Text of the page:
Presentation on theme: "PADY and PSPETHC501A Police Ethics COLLEGE FOR LAW AND JUSTICE ADMINISTRATION PTY LTD PADY Certificate III in Police Studies PSPETHC501A Certificate IV."— Presentation transcript:
PADY and PSPETHC501A Police Ethics COLLEGE FOR LAW AND JUSTICE ADMINISTRATION PTY LTD PADY Certificate III in Police Studies PSPETHC501A Certificate IV in Justice Studies
v1 2 College for Law and Justice Administration UNIT GUIDE OVERVIEW Topic One: Ethical theories Topic Two: Police ethics and integrity Topic Three: Organisational environment Topic Four: Gender issues on policing Topic Five: Police practices Topic Six: Relevant legislation Topic Seven: Police recruitment Topic Eight: Unethical conduct
v1 3 College for Law and Justice Administration ASSESSMENT OVERVIEW Topic One: Ethical theories Topic Two: Police ethics and integrity Topic Three: Organisational environment Topic Four: Gender issues on policing Topic Five: Police practices Topic Six: Relevant legislation Topic Seven: Police recruitment Topic Eight: Unethical conduct
v1 4 College for Law and Justice Administration RESOURCES Online Unit Guide External resources recommended: VIDEO/DVD – Training Day and/or Street Kings
v1 5 College for Law and Justice Administration ASSESSMENT TASKS Assessment Task One – Essay: police gratuities Based on reading in Unit Guide Assessment Task Two – Online assignment: legislation Assessment Task Three – Online theory quiz Certificate IV students have an additional workbook to complete
v1 ASSESSMENT TASK ONE ESSAY – POLICE GRATUITIES ◦ SHOULD POLICE SAY NO TO GRATUITIES What are gratuities? When are they offered to police? Provide examples Are police allowed to accept gratuities (under the Code of Conduct and legislation?) Should police be allowed to accept gratuities? Why? Should police not be allowed to accept gratuities? Why not? What guidelines should be in place, eg: legislation or internal policies? What current legislation affects the acceptance of gratuities? What is the impact on the police service if gratuities are accepted? How does society view the acceptance of gratuities? Is it just the fault of the police? What about the organisations that offer the gratuities? Draw a conclusion that states one way or the other whether police should say no to gratuities.
v1 Certificate IV workbook: It is expected that this workbook will allow you to consider some of the ethical dilemmas that may present themselves, but more so, how you would respond. ASSESSMENT TASK TWO and THREE ONLINE LEGISLATION ASSIGNMENT Familiarise yourself with the legislation throughout the Unit Guide Based on the parts, chapters and sections mentioned in the Unit Guide Untimed assessment – one attempt 85% or more for competency ONLINE THEORY QUIZ Based on the content of the Unit Guide Complete the review questions Ensure detailed study of material Timed assessment – two attempts 85% or more for competency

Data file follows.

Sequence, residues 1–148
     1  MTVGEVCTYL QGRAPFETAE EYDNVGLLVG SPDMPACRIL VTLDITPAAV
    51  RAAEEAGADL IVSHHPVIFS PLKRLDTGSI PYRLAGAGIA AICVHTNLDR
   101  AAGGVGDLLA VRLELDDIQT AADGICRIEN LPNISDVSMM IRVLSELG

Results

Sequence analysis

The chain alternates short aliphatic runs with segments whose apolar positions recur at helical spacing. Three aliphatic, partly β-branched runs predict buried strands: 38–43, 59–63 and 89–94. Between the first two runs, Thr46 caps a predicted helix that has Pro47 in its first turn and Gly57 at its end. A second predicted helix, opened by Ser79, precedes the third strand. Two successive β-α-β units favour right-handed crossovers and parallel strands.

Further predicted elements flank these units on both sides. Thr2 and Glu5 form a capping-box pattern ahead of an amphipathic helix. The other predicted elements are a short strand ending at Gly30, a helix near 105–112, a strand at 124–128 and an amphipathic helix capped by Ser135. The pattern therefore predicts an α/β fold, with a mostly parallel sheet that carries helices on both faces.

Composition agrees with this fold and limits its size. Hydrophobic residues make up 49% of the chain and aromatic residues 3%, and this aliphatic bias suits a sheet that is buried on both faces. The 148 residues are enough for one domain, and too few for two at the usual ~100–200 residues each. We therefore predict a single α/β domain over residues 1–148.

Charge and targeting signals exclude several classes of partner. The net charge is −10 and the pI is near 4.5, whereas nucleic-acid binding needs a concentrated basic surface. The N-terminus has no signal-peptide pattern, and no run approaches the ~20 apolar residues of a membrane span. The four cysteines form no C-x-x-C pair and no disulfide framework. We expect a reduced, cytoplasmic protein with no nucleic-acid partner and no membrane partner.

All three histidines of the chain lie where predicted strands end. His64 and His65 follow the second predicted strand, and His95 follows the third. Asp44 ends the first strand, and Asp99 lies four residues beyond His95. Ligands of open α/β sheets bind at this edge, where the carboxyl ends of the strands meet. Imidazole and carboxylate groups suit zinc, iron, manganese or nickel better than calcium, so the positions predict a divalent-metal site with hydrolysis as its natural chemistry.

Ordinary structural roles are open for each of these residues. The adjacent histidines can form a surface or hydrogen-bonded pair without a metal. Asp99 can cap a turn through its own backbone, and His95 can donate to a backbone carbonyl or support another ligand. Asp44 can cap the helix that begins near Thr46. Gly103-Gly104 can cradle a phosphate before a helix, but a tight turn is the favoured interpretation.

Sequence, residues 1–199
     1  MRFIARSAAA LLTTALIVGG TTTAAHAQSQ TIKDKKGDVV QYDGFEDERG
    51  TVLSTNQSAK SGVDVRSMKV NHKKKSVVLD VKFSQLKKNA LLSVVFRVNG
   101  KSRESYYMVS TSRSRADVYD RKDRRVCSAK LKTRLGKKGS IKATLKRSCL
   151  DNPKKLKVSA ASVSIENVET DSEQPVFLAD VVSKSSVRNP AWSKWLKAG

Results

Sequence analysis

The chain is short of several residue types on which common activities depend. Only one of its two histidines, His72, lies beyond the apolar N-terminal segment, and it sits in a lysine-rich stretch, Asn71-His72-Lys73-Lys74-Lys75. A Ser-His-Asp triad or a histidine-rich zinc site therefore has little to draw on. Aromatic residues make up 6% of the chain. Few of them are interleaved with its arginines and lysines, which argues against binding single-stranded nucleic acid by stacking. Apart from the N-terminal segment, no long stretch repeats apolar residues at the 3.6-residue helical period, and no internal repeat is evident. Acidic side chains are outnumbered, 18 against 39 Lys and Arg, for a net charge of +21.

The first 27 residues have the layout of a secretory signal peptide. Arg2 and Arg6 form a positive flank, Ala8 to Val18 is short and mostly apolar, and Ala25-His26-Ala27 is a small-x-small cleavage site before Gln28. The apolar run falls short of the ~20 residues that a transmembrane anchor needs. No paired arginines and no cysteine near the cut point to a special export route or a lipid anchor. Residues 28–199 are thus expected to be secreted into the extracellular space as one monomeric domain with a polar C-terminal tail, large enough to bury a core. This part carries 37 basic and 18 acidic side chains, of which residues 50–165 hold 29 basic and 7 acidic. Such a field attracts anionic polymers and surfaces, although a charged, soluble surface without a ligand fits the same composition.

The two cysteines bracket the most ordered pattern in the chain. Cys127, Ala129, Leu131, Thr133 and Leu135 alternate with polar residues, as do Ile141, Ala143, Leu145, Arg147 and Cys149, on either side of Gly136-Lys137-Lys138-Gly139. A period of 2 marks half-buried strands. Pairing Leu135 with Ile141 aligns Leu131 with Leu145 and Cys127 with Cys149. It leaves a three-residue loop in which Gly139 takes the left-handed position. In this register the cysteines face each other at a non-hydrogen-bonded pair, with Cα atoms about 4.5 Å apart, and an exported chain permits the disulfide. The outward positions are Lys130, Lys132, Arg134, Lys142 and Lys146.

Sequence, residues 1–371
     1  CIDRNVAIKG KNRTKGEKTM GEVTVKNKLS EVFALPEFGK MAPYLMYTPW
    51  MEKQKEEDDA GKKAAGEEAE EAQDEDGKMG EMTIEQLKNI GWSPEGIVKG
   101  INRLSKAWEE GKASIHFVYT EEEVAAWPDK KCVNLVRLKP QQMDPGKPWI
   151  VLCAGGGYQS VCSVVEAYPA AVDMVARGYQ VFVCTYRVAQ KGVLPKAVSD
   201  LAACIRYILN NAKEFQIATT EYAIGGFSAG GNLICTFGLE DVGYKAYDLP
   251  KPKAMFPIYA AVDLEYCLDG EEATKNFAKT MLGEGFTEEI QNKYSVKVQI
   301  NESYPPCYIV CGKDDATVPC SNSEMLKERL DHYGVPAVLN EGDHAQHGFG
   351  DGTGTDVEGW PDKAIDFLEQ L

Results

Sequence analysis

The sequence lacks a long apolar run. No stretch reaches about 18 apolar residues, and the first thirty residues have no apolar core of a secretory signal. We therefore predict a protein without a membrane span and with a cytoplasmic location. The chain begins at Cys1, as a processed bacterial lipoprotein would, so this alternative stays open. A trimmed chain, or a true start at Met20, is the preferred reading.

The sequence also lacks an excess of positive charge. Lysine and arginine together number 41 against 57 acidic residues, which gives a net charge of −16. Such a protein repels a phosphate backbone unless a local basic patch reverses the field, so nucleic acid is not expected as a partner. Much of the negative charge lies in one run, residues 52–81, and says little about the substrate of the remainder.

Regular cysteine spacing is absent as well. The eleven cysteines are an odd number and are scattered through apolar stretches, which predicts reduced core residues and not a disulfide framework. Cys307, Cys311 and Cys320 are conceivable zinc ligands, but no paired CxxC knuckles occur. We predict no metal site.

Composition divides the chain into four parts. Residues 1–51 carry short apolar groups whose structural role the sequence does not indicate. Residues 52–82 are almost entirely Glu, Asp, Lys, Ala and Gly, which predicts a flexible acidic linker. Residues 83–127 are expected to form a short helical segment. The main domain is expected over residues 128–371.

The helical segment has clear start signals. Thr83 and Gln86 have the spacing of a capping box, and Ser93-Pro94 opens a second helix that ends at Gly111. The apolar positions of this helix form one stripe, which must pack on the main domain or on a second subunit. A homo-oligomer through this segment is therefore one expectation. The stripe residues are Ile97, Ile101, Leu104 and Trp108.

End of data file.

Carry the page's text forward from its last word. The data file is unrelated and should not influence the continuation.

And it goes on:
v1 STUDY THE MATERIAL WELL WITH A FOCUS ON YOUR FUTURE DECISION MAKING
What are ethics? Not only what is legal but what is right. Being ‘fair dinkum’ and doing the right thing by everyone — the organisation, your boss, your fellow workers, the public, the ratepayers, yourself and your family. Toowoomba City Council Briefing Note 1999 Slide 3 Crime & Misconduct Commission 2002
v1 10 College for Law and Justice Administration What is ETHICS? Others may influence your thinking, but you alone are responsible for your actions! Another meaning - What is ethics? Ethics is a set of rules or standards governing the conduct of a person or member of a community. These rules could be formalised in a code of ethics, or legally enforced if made law. Video 1 - The Life Guard – 1 minute
v1 11 College for Law and Justice Administration What guides ethical principles? Standards and Guidelines Professional Standards Policies Procedures Legislation Culture - Discuss Job descriptions Senior personnel If you believe a member of the NSWPF has behaved wrongly or inappropriately, you may make a complaint! – Discuss process! Video 2 – police breaking rules
v1 Group activity Get into groups of 6 Discuss the following over 10 minutes List what behaviour you think would get a police officer into trouble and instigate complaints from the public Each group is to present their view to the class Then watch the video in the next slide 12 College for Law and Justice Administration